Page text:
We need to do better at screening for—and mitigating—illiteracy
“I don’t really talk about it, but no, I never learned how to read.”
Three weeks into clinical clerkship, I (Nick) cared for a patient in the emergency department who my team planned on discharging. His condition had improved appreciably, so we arranged follow-up with the relevant specialists and were ready to send him home. However, as I handed him the referral forms, I couldn’t shake a nagging thought from my mind: When I had asked where he lived, he couldn’t spell the name of his street or his building. After some probing, I learned that he was illiterate. He had immigrated to Canada as a young adult and never had the opportunity to learn how to read. If we had discharged him without knowing about his literacy status, there’s a good chance he would have missed his follow-up and eventually been re-admitted to the emergency department, simply because he was unable to read the referral form and patient education materials.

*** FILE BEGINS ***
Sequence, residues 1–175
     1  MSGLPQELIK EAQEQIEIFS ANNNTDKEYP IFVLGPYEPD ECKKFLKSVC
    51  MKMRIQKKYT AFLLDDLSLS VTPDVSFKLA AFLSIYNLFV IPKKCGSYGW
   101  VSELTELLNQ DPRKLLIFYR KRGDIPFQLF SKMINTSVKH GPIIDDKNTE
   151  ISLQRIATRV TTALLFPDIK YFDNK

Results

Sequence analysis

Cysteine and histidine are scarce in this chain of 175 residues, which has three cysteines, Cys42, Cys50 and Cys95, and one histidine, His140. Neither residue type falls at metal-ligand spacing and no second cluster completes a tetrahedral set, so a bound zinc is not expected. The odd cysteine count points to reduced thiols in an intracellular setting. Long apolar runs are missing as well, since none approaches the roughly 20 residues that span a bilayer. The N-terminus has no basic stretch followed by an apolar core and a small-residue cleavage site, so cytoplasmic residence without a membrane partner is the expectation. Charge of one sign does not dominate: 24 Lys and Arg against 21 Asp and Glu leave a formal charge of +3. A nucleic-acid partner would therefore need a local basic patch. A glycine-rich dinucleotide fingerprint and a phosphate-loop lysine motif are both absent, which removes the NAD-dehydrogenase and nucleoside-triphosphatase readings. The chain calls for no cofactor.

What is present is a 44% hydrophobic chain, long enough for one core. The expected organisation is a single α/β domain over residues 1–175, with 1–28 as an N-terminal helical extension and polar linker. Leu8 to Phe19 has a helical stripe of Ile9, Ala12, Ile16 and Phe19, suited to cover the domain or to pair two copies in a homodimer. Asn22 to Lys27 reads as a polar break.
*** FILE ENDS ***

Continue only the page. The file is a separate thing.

Patient literacy is often taken for granted. And yet, 17 percent of adult Canadians read at or below the lowest proficiency level, at which point they can only understand basic vocabulary and simple texts. Despite this, an approach to assess patient literacy is not taught at most medical schools. Last year, we had the opportunity to work with the Toronto Public Library’s adult literacy program, where we interviewed dozens of individuals who read at the lowest proficiency level. Our objective was to gather enough information to design and evaluate patient education tools targeted to the needs of this group.